Founded in 2016, the company seeks to level the playing field for women founders looking to overcome gender inequities in funding. Last year, only two out of every hundred dollars went to companies started by women, according to data from PitchBook.
“We are so excited to be coming to Philadelphia,” Chief Revenue Offices Concetta Rand told Technical.ly. “Women own nearly 41,000 businesses in Philadelphia and the city is home to one of the most vibrant minority startup ecosystems in the country.”
Think of iFundWomen as Kickstarter with a diversity twist: women-led companies pitch their idea and seek funding from the general public.
Depending on the size of the investment, founders will offer rewards that range from a personalized “thank you” email to limited-edition items. The other element to the equation, per Rand, is offering founders coaching, video productions services and connections to other entrepreneurs in an effort to improve their approach to fundraising.
iFundWomen takes a 5 percent fee on the funds raised. Twenty percent of its revenue is invested in live campaigns on the site. To join the platform, Philly entrepreneurs can apply here.
“We are here to share the best kept secrets about crowdfunding: that it allows you to assess and generate demand before investing in supply and to help change the way women launch and grow their businesses,” Rand said.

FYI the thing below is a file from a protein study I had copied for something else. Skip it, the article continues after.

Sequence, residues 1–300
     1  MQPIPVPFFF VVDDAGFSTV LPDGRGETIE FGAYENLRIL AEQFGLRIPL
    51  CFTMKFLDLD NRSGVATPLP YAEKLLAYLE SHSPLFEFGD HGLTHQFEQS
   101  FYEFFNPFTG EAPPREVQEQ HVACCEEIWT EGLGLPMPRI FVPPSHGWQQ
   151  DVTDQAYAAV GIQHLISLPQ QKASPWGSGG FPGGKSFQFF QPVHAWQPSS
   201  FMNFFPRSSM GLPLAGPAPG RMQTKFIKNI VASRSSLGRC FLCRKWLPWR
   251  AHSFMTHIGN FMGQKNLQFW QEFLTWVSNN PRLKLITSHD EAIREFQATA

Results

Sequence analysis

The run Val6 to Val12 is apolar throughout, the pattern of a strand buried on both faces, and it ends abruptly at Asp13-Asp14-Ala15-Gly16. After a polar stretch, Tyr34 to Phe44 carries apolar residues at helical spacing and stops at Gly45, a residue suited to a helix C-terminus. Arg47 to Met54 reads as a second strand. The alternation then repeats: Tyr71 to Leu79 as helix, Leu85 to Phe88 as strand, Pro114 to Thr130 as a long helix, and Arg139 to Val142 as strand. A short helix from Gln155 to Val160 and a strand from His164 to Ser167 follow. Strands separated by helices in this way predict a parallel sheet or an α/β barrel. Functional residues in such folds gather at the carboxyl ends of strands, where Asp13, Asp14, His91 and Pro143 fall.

So what’s the city’s role in all of this?
“Our role is mainly that of a promotional partner,” said Lauren Cox, spokesperson for the Philadelphia Department of Commerce. “iFundWomen decided to launch in Philadelphia in part because of the promise of support from the local government.”
Cox said the city, through StartUp PHL and Commerce, will also be providing additional services for participating businesses through some of its existing programs, depending on the type of businesses that get funding.
“It is undeniable that women, particularly women of color, have gone underrepresented in the world of business for too long,” Mayor Jim Kenney said in a press release. “To close the gap that currently exists, we must make deliberate efforts to support more women entrepreneurs, and an important piece of that is increasing access to capital. iFundWomen Philadelphia will allow current and aspiring business owners in our area to tap a national network of funders and receive personalized coaching and resources from the platform’s staff.”
In the spring, businesses that raise the full amount on their campaigns will join a pitch competition, where they’ll have access to local investors and opt for some follow-up capital.
The launch of iFundWomen holds value for Francisco Garcia, the city’s Director of Business Development for Innovation and Technology who joined city government at the end of last year.
“It’s an engagement strategy for us,” Garcia said. “Engaging entrepreneurs is the kind of thing we need to do more of. Our partnership with iFundWomen is a positive step towards providing women-owned businesses with a fair chance at launching and growing in Philadelphia.”
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